Background: The SCORE curriculum defines surgical operations/procedures that residents are expected to be competent with by the end of the residency. Objective: The purpose of this study was to conduct a gap analysis to determine how well the operative experience in a general surgery residency program approximates the expectations of the SCORE curriculum, especially regarding those procedures considered essential to general surgical training. Design: Setting/Participants: Final ACGME resident operative experience reports of recent Northwestern University general surgery program graduates (n = 15) were compared with the specific procedures and procedure levels (ie, Essential-Common, Essential-Uncommon, Complex) defined in the SCORE curriculum. The average numbers of individual SCORE procedures and procedures per SCORE procedure level performed per resident were summarized using descriptive statistics. Results: During their 5 years of training general surgery residents logged a mean of 1025.7 (SD 152.9) primary procedures per resident. We were able to match 87.1% of these ACGME logged procedures with specific procedures identified in the SCORE curriculum. On average, of the Essential-common procedures, 23 (35%) were performed >10 times and 35 (53%) were performed >five times. Conversely, the number of Essential-uncommon and Complex procedures performed >five times were 3 (5%) and 10 (7%), respectively. Several procedures identified in the SCORE curriculum were performed at very low frequency during residency training. Conclusions: This experience suggests that leadership at SCORE and the ACGME need to make the curriculum and logging system compatible and that surgical residents need to be better educated with regards to case logging. Despite these issues, important differences appeared to exist between actual resident operative experiences and expectations set by the SCORE curriculum. Based on these finding we advocate that similar gap analyses be performed at other surgical residency training programs to identify discrepancies between program experience and SCORE curriculum expectations.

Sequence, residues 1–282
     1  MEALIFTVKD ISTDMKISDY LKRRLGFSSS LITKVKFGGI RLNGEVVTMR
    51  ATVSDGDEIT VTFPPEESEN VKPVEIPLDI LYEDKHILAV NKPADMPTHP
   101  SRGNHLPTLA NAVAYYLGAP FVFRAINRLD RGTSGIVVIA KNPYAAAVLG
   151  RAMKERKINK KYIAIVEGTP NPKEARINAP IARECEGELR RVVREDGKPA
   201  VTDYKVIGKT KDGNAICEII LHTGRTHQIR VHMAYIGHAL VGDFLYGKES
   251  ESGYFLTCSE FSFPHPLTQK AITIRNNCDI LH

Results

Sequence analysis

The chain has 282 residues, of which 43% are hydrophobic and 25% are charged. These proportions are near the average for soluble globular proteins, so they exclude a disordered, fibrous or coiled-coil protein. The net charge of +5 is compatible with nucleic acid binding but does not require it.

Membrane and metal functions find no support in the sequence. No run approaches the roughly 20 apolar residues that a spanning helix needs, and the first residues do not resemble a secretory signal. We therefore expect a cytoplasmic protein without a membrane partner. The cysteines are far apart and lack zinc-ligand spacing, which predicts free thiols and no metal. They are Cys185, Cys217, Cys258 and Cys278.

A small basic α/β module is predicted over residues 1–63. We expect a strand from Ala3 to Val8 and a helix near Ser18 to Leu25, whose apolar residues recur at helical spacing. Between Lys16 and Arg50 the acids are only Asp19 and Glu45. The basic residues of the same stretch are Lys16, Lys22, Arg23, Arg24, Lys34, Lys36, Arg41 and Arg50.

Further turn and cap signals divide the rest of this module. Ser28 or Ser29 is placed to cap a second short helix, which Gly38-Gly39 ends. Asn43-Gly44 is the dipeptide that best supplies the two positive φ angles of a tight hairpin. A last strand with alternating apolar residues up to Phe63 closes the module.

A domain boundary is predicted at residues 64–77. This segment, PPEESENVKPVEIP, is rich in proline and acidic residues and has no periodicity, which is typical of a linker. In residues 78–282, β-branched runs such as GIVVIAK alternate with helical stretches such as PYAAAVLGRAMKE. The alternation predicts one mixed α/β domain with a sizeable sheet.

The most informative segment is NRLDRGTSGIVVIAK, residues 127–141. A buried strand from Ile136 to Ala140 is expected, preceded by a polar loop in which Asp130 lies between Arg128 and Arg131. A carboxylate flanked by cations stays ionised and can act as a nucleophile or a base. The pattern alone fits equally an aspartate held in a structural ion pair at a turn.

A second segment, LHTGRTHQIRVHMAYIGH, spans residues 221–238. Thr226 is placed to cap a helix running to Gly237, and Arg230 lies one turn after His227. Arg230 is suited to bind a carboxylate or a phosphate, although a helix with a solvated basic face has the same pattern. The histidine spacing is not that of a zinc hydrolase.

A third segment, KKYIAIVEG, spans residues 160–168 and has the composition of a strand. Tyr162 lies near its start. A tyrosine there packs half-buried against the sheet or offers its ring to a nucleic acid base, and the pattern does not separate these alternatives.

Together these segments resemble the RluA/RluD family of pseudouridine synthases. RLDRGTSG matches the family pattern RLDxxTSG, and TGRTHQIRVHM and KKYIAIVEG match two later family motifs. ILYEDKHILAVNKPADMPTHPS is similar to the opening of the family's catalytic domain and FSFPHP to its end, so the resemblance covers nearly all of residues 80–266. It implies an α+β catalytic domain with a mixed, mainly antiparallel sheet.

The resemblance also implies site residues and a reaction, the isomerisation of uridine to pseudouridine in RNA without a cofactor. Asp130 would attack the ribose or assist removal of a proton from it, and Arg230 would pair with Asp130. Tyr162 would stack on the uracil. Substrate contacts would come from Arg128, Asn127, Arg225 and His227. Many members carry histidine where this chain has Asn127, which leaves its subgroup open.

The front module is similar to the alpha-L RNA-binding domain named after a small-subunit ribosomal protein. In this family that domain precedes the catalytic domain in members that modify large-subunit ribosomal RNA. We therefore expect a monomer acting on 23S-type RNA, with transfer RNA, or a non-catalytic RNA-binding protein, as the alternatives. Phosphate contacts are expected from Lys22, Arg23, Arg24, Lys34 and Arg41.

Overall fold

- Medical Knowledge
- Patient Care
- Practice Based Learning and Improvement
ASJC Scopus subject areas